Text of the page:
LEO: Confidentiality - Client's Identity:  LE Op. 1270


Confidentiality - Client's Identity: Attorney's Duty to Reveal Former

Client's True Identity.


September 27, 1989


You have advised that you represented a client in a personal injury

action in which your client received a soft tissue injuries through no

fault of his own. After reaching a settlement of the case, you were

informed by your client that he was being held in jail under an assumed

name on a criminal matter. At the time, you felt it was appropriate to

advise your client that he should inform the authorities of his actual

identity and that he should obtain a criminal attorney. You wish to know

whether you are under any ethical obligations to either report or not to

report your knowledge of your client's "double identity," under the



For the purposes of this inquiry, the Committee will assume that the

personal injury representation is not in any way related to the subsequent

criminal charges for which the former client is presently being held in



The Committee believes the appropriate and controlling rule relative to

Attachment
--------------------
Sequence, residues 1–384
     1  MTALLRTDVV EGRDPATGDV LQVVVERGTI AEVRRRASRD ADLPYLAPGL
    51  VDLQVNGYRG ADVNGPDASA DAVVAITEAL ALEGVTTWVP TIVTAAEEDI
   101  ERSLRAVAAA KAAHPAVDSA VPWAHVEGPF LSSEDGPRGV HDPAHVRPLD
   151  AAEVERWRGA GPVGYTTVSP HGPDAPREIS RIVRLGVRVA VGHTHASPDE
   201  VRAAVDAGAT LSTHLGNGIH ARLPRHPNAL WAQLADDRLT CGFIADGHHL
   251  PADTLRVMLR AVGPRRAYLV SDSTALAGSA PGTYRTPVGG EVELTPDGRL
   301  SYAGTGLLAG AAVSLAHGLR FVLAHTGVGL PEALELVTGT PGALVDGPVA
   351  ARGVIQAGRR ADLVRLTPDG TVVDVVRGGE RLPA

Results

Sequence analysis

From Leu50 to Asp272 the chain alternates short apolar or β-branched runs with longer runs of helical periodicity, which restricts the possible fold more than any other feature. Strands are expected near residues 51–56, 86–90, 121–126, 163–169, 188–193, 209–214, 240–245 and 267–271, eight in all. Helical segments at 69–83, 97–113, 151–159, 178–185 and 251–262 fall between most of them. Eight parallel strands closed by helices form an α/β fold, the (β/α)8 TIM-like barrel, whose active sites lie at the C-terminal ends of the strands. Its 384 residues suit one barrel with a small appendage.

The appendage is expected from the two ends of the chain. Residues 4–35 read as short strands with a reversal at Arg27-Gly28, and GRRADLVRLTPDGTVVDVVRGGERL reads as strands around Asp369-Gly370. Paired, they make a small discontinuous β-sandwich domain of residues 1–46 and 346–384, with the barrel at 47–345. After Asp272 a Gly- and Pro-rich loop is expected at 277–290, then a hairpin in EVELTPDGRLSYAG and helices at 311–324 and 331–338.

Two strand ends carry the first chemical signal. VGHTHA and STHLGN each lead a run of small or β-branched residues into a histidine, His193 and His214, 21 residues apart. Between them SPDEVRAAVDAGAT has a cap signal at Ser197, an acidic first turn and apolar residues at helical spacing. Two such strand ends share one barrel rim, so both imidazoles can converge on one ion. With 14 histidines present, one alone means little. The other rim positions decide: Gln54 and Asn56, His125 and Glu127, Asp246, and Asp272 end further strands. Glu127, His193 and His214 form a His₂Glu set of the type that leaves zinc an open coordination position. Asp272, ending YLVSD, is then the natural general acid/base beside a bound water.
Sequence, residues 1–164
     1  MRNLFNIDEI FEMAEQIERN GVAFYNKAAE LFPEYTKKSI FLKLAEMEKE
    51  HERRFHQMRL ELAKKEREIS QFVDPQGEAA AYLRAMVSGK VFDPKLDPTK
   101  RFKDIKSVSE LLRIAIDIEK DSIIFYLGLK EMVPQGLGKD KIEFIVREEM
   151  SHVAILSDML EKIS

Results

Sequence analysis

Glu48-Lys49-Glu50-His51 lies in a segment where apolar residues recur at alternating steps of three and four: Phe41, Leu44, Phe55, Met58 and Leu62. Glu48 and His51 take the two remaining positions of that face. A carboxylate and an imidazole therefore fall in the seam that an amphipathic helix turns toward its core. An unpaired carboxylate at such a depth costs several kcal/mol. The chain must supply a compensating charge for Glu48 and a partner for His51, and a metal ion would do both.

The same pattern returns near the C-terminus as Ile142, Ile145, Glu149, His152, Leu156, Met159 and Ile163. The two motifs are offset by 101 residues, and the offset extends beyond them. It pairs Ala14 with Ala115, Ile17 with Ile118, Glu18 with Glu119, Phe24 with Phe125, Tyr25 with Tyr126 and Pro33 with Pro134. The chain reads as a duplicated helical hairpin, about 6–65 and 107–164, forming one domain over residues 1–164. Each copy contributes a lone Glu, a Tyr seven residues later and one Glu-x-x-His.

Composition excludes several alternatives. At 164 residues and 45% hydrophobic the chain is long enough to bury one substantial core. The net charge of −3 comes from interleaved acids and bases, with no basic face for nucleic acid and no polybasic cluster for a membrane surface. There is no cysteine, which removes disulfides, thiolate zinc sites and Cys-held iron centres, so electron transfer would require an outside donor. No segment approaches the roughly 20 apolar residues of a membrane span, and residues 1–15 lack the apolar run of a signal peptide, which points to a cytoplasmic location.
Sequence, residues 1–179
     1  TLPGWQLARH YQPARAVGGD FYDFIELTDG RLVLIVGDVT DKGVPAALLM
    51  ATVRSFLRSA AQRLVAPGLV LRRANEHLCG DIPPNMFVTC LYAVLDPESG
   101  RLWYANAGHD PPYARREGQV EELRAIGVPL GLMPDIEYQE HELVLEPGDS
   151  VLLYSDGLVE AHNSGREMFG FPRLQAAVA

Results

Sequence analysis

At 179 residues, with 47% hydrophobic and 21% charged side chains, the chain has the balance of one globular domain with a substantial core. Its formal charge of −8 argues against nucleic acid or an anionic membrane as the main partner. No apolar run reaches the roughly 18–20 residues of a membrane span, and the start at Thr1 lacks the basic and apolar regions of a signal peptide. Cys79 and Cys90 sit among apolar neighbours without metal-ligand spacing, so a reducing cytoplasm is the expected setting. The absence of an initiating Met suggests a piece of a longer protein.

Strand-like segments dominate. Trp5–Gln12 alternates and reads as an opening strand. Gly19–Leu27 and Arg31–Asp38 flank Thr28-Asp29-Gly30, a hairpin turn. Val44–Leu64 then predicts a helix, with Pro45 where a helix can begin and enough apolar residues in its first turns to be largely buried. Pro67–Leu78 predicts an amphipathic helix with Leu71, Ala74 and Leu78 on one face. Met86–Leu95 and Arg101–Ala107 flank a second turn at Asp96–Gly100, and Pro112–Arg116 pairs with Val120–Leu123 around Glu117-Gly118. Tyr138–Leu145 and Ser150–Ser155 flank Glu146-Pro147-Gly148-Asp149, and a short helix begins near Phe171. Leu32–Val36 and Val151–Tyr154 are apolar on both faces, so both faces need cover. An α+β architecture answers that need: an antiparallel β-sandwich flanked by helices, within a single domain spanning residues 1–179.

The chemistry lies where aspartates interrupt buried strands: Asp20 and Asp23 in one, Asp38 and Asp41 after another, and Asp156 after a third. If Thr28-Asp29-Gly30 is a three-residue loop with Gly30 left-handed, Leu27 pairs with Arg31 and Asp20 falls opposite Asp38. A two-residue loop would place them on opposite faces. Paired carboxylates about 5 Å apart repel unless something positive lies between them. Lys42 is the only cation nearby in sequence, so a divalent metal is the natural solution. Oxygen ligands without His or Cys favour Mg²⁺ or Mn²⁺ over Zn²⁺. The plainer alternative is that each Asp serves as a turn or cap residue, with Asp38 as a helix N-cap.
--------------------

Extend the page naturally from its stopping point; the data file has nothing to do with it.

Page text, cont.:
your inquiry is DR:4-101(B) which provides that except as permitted

under DR:4-101(C) and (D), a lawyer shall not reveal a confidence or

secret of his client nor use the same to the client's disadvantage or to

his own advantage or a third person's advantage, unless the client

consents after full disclosure. Therefore, since you are not representing

the former client in the criminal matter, the Committee believes that

unless you have a legal duty to reveal the client's double identity or are

in possession of insurance funds which you believe were fraudulently

obtained, you may have an ethical duty not to reveal your former client's

true identity. The Committee directs your attention to LE Op. 1147 in

which the Committee opined that even the fact of client's identity may

constitute a confidence or secret if the attorney should have known or it

is obvious that disclosure of such information would be likely to cause

embarrassment or would be likely to be detrimental to the client. (See

DR:4-101(A)) Whether disclosure of your client's identity would be

embarrassing or detrimental to the client is a factual determination which

is beyond the purview of this Committee.


Committee Opinion September 27, 1989




See also LE Op. 1316, and LE Op. 1347.